Tornillo-era Accept has been a pretty even field; a level grid of Sneap-sharp production and Hoffmann’s razor-riffs. If you expected change just because there’s a new bass player for the first time ever, you’d be wrong. Accept may be down to just one original member (Wolf Hoffmann himself) but it doesn’t matter much. What Accept deliver on Too Mean to Die is the same as they have done for every album since 2010’s Blood of the Nations. Reliable, like AC/DC…or a comfortable leather jacket.
Nothing wrong with this. Accept found a formula that works in their post-Udo world and it works well. It’s difficult to remember what songs are from what albums, but Accept haven’t stopped putting out solid quality metal.
There’s the song about zombies (“Zombie Apocalypse”), one about never giving up (“Too Mean To Die”), the mid-tempo one (“Overnight Sensation”), the one about the media (“No Ones Master”), the single* (“The Undertaker”), the one with the funny title (“Sucks to be You”), the classical influence (“Symphony of Pain”), the ballad (“The Best is Yet to Come”), the one about the state of the world (“How Do We Sleep”), the angry one (“Not My Problem”), and the instrumental (“Samsom and Delilah”).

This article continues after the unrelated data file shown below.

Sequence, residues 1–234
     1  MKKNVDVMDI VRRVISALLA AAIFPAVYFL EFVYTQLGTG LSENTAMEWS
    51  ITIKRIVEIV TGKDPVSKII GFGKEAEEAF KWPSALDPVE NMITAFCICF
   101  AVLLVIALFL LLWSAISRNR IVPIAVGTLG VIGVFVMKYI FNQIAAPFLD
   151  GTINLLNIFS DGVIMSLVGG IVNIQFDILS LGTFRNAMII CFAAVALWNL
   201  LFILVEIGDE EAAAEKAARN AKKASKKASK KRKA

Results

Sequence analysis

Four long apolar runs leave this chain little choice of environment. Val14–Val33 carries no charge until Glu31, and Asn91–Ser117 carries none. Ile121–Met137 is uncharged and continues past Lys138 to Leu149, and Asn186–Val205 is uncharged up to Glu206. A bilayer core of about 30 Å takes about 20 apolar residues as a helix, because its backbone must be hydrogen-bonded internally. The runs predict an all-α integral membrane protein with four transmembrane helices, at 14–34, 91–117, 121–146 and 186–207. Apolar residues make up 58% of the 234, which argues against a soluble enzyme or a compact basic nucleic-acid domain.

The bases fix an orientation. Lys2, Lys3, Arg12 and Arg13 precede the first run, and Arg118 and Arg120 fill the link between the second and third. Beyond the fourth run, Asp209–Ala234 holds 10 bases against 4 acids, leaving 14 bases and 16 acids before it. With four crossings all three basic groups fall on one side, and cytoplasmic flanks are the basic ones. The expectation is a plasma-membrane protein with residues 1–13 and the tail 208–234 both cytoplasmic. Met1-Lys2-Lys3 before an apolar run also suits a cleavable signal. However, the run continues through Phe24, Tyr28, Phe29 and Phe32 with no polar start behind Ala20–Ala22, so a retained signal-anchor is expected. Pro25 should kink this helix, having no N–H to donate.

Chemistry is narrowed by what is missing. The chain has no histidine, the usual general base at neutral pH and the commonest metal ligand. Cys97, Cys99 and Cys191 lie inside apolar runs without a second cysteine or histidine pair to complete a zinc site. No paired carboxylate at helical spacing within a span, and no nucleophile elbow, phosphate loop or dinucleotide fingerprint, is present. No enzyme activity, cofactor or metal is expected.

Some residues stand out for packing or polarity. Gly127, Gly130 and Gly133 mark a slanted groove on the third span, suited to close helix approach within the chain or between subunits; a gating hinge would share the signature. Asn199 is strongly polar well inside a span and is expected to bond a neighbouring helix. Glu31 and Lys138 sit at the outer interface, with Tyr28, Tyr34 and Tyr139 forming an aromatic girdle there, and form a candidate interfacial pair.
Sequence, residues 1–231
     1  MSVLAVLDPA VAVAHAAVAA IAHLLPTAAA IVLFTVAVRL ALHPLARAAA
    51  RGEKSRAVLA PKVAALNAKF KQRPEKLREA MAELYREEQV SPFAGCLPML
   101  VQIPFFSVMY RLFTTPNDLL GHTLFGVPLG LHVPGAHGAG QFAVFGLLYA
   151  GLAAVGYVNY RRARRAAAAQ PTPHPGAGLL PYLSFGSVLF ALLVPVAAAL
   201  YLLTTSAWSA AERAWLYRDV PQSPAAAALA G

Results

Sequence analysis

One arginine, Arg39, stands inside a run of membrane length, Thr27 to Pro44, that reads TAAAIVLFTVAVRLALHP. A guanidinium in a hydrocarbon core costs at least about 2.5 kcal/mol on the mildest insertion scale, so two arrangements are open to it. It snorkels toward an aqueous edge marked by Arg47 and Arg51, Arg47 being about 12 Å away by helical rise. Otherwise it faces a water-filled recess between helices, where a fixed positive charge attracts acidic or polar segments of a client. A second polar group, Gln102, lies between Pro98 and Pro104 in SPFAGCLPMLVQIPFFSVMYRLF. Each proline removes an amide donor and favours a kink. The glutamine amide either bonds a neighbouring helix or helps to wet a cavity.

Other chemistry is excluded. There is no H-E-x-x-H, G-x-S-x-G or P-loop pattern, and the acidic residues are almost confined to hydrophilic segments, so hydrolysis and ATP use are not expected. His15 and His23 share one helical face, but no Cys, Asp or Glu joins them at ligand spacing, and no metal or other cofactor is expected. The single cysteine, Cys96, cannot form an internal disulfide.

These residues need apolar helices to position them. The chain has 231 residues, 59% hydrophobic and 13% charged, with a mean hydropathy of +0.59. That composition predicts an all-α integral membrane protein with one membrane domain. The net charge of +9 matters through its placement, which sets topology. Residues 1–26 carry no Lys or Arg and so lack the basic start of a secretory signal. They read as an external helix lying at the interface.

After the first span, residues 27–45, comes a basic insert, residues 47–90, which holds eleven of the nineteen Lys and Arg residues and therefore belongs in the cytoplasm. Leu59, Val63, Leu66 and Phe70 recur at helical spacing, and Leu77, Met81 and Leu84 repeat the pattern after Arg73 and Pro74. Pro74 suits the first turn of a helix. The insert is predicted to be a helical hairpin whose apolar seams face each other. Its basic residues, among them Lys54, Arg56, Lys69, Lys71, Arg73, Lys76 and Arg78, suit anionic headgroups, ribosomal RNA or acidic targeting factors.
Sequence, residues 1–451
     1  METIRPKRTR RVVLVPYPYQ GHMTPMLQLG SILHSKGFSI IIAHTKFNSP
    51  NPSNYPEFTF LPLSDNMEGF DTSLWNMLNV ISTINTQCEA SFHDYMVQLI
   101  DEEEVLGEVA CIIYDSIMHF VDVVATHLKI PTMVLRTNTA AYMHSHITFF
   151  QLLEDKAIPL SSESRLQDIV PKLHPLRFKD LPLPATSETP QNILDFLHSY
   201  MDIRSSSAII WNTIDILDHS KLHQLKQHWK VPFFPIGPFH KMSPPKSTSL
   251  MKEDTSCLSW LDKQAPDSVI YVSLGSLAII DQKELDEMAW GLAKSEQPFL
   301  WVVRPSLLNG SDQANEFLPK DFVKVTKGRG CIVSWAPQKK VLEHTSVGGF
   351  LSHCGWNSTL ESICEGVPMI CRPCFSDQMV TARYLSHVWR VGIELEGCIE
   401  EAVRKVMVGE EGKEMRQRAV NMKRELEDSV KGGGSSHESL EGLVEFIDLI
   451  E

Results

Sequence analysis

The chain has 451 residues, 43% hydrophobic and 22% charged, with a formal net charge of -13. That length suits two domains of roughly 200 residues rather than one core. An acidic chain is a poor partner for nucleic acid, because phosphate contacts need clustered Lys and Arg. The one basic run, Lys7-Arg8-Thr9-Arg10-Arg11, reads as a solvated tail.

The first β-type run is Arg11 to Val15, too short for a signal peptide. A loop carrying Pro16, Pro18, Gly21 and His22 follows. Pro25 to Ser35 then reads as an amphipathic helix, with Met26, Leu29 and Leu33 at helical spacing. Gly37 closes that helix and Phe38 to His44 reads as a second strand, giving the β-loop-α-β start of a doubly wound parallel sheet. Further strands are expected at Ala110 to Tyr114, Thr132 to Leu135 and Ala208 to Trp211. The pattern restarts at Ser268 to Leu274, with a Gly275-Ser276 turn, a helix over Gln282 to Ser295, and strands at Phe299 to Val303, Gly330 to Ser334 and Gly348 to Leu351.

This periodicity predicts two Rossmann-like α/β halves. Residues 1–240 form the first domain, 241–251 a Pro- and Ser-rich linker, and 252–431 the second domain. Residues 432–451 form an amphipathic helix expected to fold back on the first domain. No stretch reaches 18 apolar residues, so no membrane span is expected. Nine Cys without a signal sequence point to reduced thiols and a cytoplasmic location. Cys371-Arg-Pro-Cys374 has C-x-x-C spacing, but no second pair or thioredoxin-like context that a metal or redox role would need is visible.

The riffs keep hammering in the capable hands of Wolf, and Mr. Tornillo on lead vocals never stops givin’ ‘er. Hooks on every track. The energy is no less than their first together. Wolf’s guitar tone remains as tasty as it has been for over four decades. One more album to add to your collection, as the Tornillo era blends together like a monolithic five-CD box set. Too Mean To Die could have been titled Disc Five, so if you need to complete your set, do it now.
* The single for “The Undertaker” features a non-album live track on its B-side, of a non-album single called “Life’s a Bitch”!